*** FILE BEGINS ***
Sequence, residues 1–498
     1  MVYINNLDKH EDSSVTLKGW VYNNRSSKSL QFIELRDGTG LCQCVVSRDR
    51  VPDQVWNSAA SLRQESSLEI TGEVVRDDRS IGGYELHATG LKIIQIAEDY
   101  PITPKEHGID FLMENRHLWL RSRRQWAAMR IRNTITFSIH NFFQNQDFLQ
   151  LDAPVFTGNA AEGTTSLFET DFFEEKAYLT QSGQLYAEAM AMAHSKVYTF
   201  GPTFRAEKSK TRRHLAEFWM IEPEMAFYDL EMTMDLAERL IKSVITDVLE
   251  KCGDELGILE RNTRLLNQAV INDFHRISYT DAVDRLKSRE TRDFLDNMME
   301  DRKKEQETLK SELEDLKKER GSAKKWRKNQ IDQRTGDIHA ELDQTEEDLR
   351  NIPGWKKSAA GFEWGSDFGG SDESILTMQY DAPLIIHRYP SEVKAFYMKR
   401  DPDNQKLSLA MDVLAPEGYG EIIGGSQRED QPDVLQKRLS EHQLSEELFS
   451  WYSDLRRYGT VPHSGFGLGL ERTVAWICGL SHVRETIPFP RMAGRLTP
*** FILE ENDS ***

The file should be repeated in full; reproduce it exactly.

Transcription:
Sequence, residues 1–498
     1  MVYINNLDKH EDSSVTLKGW VYNNRSSKSL QFIELRDGTG LCQCVVSRDR
    51  VPDQVWNSAA SLRQESSLEI TGEVVRDDRS IGGYELHATG LKIIQIAEDY
   101  PITPKEHGID FLMENRHLWL RSRRQWAAMR IRNTITFSIH NFFQNQDFLQ
   151  LDAPVFTGNA AEGTTSLFET DFFEEKAYLT QSGQLYAEAM AMAHSKVYTF
   201  GPTFRAEKSK TRRHLAEFWM IEPEMAFYDL EMTMDLAERL IKSVITDVLE
   251  KCGDELGILE RNTRLLNQAV INDFHRISYT DAVDRLKSRE TRDFLDNMME
   301  DRKKEQETLK SELEDLKKER GSAKKWRKNQ IDQRTGDIHA ELDQTEEDLR
   351  NIPGWKKSAA GFEWGSDFGG SDESILTMQY DAPLIIHRYP SEVKAFYMKR
   401  DPDNQKLSLA MDVLAPEGYG EIIGGSQRED QPDVLQKRLS EHQLSEELFS
   451  WYSDLRRYGT VPHSGFGLGL ERTVAWICGL SHVRETIPFP RMAGRLTP